4. Methods to quantify impacts on native pollinators
The effects of invasive plants on native flower visitors have been studied using a variety of methods. To simulate invasion and examine ecological consequences, cut branches or potted plants have been used in some cases . The majority of studies have been “natural experiments, comparing the effects of invasive plants with varying degrees of separation between areas where they are established and growing naturally to areas where they are not with varying degrees of separation between areas [46, 47]. Both methods have advantages and disadvantages: In the first, the effects of a sudden introduction of a new invasive flowering plant, as well as flower visitor response, can be tracked. Effects on the visitors of the flower, on the other hand, are more likely to be behavioral responses to the invader than responses at the community level.
There have been many approaches to design “natural experiments” in the second case. Within a single location, the preference of flower visitors can be determined by comparing visits to invasive and native flowers that are both present on the same site. Within a site, visitation to both non-native invasive and native flowers could be recorded, and this could be done by comparing the visitation to native flowers by the pollinators in the absence of the invader. The most common use of this method is to investigate the effects on interaction networks through invasion . The majority of studies have compared the abundance/richness of taxa at invaded vs. control sites, or invasive vs. noninvasive (control) plants . Another strategy is to exclude the invader from a site and investigate the impact on the flower visitor population associated with the remaining native plants in that site, or compare it to populations in invaded or uninvaded sites .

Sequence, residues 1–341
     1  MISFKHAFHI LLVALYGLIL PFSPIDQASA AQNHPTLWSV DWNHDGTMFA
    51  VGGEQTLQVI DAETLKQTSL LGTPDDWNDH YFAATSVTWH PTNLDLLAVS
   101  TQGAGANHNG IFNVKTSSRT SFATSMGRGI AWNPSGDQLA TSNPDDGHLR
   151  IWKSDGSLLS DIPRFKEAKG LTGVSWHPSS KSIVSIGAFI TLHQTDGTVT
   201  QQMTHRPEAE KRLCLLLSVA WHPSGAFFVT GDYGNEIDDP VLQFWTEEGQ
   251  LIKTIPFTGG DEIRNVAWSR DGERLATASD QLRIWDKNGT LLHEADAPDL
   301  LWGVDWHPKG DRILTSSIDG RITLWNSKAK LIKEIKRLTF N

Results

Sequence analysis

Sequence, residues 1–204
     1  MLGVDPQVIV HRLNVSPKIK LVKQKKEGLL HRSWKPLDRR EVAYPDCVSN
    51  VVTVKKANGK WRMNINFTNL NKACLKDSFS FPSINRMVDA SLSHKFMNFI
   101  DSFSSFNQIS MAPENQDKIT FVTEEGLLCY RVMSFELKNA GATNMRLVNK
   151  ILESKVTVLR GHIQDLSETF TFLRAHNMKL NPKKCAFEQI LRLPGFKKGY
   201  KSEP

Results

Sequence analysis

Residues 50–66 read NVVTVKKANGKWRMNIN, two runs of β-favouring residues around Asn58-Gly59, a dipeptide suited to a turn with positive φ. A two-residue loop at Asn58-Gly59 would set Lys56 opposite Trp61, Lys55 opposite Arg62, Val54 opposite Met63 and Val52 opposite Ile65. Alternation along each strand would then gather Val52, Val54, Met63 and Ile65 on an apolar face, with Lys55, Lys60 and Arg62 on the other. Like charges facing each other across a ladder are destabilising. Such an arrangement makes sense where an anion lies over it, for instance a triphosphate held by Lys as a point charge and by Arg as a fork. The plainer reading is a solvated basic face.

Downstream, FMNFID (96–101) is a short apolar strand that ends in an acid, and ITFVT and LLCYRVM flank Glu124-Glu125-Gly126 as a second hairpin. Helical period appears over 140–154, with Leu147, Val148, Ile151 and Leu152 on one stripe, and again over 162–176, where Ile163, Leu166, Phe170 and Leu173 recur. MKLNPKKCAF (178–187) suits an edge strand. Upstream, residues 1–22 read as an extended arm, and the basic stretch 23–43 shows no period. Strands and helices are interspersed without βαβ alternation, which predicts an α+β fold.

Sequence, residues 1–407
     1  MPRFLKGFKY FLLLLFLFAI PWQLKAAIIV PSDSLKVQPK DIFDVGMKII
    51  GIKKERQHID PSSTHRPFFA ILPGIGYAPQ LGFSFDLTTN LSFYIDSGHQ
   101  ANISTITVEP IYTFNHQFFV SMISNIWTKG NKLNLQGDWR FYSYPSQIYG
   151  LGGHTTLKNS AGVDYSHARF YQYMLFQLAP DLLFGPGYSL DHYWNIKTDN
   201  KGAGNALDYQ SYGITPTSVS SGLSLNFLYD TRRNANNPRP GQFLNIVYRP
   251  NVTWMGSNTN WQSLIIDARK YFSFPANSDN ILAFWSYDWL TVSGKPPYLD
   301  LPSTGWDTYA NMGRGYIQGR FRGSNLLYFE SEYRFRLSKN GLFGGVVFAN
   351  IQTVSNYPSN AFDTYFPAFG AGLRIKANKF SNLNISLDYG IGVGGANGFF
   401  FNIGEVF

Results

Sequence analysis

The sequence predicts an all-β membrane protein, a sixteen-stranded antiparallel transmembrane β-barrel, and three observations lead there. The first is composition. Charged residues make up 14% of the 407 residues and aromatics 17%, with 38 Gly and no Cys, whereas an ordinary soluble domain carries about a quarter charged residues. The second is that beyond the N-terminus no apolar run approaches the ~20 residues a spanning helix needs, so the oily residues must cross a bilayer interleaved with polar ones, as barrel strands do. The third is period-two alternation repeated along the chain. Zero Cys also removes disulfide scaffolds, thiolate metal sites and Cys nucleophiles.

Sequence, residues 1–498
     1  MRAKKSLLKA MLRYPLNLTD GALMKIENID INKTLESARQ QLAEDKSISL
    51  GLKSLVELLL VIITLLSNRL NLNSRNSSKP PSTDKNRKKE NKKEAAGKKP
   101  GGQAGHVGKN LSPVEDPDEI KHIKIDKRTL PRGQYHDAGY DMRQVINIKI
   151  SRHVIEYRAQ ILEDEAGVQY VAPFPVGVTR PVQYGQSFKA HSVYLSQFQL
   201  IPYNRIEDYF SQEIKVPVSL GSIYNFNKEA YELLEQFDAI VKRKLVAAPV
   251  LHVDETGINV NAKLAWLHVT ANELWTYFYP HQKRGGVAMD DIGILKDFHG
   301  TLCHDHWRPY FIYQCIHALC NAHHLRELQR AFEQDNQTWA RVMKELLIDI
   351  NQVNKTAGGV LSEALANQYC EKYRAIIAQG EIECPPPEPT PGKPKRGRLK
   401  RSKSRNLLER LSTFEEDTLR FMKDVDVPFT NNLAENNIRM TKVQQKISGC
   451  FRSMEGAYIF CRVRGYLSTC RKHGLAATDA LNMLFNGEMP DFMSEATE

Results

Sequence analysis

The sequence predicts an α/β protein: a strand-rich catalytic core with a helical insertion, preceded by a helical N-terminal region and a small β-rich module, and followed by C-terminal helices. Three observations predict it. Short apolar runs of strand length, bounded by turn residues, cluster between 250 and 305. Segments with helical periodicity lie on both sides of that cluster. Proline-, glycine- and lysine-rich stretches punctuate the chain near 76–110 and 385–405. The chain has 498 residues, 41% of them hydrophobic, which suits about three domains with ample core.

An alternative method of determining whether flower visitors are affected by an invasive plant because of its invasive status is to compare the role of the plant in invasive ecosystems versus native ecosystems. This method has not been used often, but it may be useful in assessing impacts because an attractive plant species that dominates interaction networks in its native habitat may have similar effects when it is not native.